Where would you go to get the espresso machine? You go to a kitchen specialty shop or a store that specializes in espresso and coffee. That’s where you would go to get that. It’s the same thing with your business. If you’re out there saying, “I help everyone with all types of problems,” you can’t truly understand every issue and the experience that comes with every issue. Marketing is about connection and communication.

This is why it’s important to specialize. You get good at one thing and not just understanding one thing, but understanding the experience that goes along with that one thing. For someone who’s struggling to lose weight versus someone who has rheumatoid arthritis, the experience is different. The pain, the desire and the symptoms are different. Even though what you do as a health coach could potentially help both people with diet, lifestyle, supplements and detox, we have to think about this communication piece.

Therefore, if I’m going to communicate with people to connect with them and I’m saying, “I’ll help you with joint pain, weight loss and all these things,” it doesn’t connect because we need to go deep with people. The niche statement is just the beginning. The niche statement is essentially your billboard, but it’s also a guide for you. It guides you to what type of content and program you should be creating.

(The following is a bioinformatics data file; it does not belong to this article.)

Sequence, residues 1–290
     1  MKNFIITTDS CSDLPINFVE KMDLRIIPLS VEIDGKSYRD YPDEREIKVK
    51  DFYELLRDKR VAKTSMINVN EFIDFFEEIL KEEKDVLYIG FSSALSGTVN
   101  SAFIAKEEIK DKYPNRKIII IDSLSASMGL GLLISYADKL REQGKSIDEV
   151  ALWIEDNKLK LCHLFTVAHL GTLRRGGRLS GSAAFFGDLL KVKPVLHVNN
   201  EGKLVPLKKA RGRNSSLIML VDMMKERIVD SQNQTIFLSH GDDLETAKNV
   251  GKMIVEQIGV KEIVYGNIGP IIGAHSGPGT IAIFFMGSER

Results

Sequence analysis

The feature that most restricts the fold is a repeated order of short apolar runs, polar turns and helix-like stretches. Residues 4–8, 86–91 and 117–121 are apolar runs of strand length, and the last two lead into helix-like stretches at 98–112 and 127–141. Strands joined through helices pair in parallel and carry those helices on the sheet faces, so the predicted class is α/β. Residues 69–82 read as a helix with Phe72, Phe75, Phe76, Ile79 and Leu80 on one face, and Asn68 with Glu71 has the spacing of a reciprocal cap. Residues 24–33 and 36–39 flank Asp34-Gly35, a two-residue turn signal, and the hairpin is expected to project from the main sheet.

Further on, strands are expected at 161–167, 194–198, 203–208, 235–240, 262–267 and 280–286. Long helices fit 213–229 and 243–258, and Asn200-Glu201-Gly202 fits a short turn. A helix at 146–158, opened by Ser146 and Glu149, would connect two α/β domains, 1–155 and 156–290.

A good niche statement includes the problem, the person and the outcome. The person you help, the problem you solve and the outcome you offer. An example of a good niche statement would be, “I help women in their 30s ditch fatigue so they can get back to the sports they love.” See how specific that is? It’s very specific. I’m going to read you a few niche statements. These are real-world niche statements and these missed the mark. Hopefully, now that I’ve explained that you’ll understand why.

“Your emotional state is a reflection of your beliefs. I help you break the belief patterns that are holding you back to change your life.” It’s generic. It’s very vague. What are belief patterns? Do regular everyday people with no education and no training in holistic health and wellness know what belief patterns are? Probably not. Remember that niching is communication. Marketing is communication. What that means is we have to use words that they understand.